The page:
Athar Yawar

Research Interests

In modern psychiatry, the doctor aims to restore the patient to rationality. But how do we know that the doctor is rational, and the patient is not? Many psychiatric treatments, such as the lobotomy and the spinning chair, have seemed, in hindsight, deeply irrational. Even within the same hospital, doctors can disagree on whether a patient is mentally ill-and how. Much of the most successful literature, from Hamlet to The Karamazov Brothers, explores ambiguities and paradoxes around definitions of madness.

In my PhD research, I have explored the roots of modern psychiatry. How did we decide to develop a psychiatry based on science-as opposed to, say, anthropology or theology? How do we know that the mind issues from the brain? And what does it mean to heal a mind? Have we any proof it can be done-or that we would know when we had achieved it? Science uses empiricism and logic, but its basic beliefs are rarely questioned, remain largely unproven, and can often be traced to early modern magic and utopian materialism.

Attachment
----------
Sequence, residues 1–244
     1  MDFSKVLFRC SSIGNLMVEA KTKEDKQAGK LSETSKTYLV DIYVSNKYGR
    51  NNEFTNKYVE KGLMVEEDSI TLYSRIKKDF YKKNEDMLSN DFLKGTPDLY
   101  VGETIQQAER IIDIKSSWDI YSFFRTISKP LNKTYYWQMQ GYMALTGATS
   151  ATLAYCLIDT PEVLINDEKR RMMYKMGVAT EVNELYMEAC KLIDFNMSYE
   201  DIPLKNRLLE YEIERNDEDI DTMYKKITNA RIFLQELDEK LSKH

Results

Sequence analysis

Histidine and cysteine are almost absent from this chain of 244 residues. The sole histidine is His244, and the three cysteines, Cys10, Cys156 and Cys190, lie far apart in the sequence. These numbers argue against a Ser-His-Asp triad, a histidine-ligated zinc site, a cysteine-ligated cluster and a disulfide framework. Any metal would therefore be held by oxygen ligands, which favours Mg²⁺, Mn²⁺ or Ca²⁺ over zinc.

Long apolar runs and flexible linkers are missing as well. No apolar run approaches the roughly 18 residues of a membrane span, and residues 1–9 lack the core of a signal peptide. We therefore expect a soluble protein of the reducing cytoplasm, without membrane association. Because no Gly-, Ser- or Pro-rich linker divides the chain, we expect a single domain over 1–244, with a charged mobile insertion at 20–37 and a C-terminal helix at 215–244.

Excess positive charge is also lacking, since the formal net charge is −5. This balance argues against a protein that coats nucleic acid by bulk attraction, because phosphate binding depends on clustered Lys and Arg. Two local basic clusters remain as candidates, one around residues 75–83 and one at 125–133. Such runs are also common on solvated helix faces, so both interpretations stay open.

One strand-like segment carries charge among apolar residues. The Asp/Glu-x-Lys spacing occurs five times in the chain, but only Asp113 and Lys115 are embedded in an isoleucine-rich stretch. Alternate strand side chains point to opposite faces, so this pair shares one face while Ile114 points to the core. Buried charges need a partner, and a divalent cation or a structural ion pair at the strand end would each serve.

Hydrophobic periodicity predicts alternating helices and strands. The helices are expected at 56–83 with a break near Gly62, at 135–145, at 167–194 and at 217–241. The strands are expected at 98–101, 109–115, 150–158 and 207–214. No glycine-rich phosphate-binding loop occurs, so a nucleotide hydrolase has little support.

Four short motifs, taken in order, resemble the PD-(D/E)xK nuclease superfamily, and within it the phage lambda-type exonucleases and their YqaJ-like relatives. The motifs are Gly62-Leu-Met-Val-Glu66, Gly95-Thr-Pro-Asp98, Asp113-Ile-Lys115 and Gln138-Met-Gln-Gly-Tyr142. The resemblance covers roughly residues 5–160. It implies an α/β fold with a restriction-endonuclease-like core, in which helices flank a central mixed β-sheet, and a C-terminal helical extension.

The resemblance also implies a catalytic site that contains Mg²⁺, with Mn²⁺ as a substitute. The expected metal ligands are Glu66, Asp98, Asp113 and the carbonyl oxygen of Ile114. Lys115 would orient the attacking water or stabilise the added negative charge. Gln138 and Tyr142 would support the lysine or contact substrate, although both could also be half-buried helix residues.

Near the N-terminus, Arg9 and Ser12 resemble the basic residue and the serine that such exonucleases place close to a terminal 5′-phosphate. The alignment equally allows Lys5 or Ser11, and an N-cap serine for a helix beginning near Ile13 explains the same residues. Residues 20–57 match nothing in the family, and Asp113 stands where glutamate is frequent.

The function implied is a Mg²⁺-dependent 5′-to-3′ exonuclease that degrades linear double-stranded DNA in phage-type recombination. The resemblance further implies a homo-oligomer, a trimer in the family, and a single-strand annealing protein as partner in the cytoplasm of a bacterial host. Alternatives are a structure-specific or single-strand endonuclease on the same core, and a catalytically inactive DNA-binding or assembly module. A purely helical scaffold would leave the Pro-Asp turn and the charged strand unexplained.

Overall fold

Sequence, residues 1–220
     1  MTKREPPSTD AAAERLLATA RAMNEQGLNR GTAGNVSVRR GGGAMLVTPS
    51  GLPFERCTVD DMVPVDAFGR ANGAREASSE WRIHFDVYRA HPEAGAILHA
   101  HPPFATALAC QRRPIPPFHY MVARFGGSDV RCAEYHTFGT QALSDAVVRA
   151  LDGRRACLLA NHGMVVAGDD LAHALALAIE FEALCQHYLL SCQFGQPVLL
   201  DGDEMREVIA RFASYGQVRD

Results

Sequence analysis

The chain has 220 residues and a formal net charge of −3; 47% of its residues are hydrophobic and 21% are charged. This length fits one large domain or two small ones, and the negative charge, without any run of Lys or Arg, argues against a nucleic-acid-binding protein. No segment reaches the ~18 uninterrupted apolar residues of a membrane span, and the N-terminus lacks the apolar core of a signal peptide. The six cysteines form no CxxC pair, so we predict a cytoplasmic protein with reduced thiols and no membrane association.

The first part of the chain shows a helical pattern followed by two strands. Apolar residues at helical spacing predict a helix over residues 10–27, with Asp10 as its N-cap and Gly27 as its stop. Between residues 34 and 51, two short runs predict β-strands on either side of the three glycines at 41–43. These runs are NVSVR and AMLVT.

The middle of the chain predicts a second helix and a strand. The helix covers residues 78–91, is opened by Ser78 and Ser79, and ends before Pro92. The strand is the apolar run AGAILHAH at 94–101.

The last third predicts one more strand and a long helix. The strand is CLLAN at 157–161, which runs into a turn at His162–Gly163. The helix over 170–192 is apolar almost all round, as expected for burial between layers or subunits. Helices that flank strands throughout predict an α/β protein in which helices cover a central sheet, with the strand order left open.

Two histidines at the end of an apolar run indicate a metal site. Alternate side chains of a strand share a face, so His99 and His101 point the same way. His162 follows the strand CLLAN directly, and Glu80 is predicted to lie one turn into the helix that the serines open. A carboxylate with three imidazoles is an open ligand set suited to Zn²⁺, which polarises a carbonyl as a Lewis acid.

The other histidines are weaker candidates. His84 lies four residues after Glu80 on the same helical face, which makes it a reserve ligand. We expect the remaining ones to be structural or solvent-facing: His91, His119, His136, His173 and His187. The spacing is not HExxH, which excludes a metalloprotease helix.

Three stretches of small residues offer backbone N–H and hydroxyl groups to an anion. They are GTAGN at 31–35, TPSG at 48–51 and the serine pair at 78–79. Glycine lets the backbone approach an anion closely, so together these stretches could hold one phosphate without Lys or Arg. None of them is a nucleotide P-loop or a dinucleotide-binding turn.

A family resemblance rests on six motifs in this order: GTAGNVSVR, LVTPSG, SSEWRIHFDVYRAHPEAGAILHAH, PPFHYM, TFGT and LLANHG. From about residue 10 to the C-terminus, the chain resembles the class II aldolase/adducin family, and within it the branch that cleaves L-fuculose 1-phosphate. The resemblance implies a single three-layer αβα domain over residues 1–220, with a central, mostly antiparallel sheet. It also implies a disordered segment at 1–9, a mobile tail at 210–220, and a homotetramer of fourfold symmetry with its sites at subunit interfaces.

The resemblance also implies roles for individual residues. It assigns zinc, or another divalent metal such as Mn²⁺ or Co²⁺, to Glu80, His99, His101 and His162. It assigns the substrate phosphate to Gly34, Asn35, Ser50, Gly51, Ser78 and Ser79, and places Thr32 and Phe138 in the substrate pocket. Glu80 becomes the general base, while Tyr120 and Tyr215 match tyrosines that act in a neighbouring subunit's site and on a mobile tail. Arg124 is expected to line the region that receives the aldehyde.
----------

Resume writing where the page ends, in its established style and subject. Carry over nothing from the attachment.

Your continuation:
What, then, of religious healing? I have done extensive anthropological fieldwork in an international Sufi community, the Naqshbandi-Haqqani order, and found that some Sufi healers have a rigorous theory of knowledge, and an understanding of mental healing that includes much of human existence. I have tried to depict the basis and practice of healing in this Sufi order, and to contrast it with modern psychiatry.

I have written several essays, in the Lancet group of journals, that draw on experiences and understandings gained through fieldwork and library research. I hope that my research will generate a book. I worked for a time as a Senior Editor of the Lancet, and also for several years as a psychiatrist, at the Bethlem & Maudsley Hospitals, the Helen Bamber Foundation, and elsewhere.